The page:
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Welcome to my blog

 

Hello, my name is Christine, I am French and have been living here in England since 1986. For most of this time I have been privately tutoring French.

 

I have now decided to write a blog focusing on tips for English people travelling to France; as I have now lived both sides of the channel for so long I hope I will have some good insight for you!

 

As well as tips, we will talk about the wonderful French language and culture. Famous for Paris and our beautiful sunny south, we also have snowy mountains and wooded valleys, a country where you really can get it all. Home of delicious wine and cheese, The Eiffel Tower, Louvre, Notre-Dame and luxury shopping – our topics are sure to be broad and fun.

 

I hope you enjoy!

 

Christine x

By Christine, Nov 29 2017 11:25PM

Today is the last blog in our grammar series. We have now covered nouns, pronouns, verbs, adjectives, adverbs and articles, and here we will cover the final three parts of speech.

Yes, French grammar and English grammar of course contain variations and different rules, but this does not take away from the importance of understanding the basic terms themselves and how they are used in your language. You will find knowing the basics of English grammar will give you a big step up in understanding where the likeness and dissimilarities are between the two languages, and you may be pleasantly surprised by its lack of complexity when you begin to learn French grammar with this under your belt.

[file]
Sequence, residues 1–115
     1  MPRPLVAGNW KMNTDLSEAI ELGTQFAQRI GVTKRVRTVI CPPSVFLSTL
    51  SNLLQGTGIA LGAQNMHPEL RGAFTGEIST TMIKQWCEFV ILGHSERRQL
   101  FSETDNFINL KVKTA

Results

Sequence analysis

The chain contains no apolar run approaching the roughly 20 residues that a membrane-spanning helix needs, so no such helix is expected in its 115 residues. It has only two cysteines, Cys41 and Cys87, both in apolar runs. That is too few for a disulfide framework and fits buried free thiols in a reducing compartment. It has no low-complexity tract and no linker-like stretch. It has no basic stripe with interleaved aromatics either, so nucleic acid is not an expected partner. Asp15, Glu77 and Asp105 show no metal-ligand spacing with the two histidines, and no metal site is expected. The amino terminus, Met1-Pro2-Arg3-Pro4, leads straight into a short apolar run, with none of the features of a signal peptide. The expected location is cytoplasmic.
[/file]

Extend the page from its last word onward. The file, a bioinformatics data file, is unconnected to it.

Prepositions – Les prépositions

These words show a relationship between a person, place or thing and other words in the sentence.

Examples:

I sit on the chair – Je suis assis sur la chaise
The boy is under the table – Le garçon est sous la table
The cat is up the tree – Le chat est dans l’arbre 
She is in the car - Elle est dans la voiture
I live near you – Je vis pres de chez toi
The shop is by my house – Le magasin est a cote de chez moi
He walks down the hill – Il descend la colline


Tip: Prepositions do not translate exactly between English and French. Note the last sentence above, in French it does not actually contain prepositions though it does in English. Understand them well in English and then in your French classes you will discover when they are and when they are not needed in French grammar.

Conjunctions – Les conjonctions

These words are used to join parts of sentences together.

Examples:

And – Et
Or – Ou
But – Mais
Yet – Encore
Nor – Ni
For – Pour
Because - Car

Tip: Conjunctions come in very handy as you build up your vocabulary and want to expand into creating longer sentences.

Interjections – Les interjctions

These words show strong feeling, covering all ranges of emotion.

Examples:

Wow! – Sensationnel!
Hooray! – Hourra!
Ouch! – Aïe!
Oh my! – Oh mon dieu!
Oh no! – Oh non!
Gosh! – Ça alors!
Crap! – Merde!

Tip: Many interjections can also be other parts of speech, depending on how they are used in a sentence. If we take the word “help,” “Can I help you?” would be a verb, whereas “Help! I am stuck.” would be an interjection. Note that all curse words fit into this part of speech.


We have now finished all the basic parts of speech. I hope you feel this helped you gain a greater understanding of both English grammar and French grammar. Taking some time to revise these and really get a good grasp of them in English, will really help you when you start learning French and all the ins and outs of French grammar. Remember better to understand English grammar now, rather than trying to learn them both in your French class!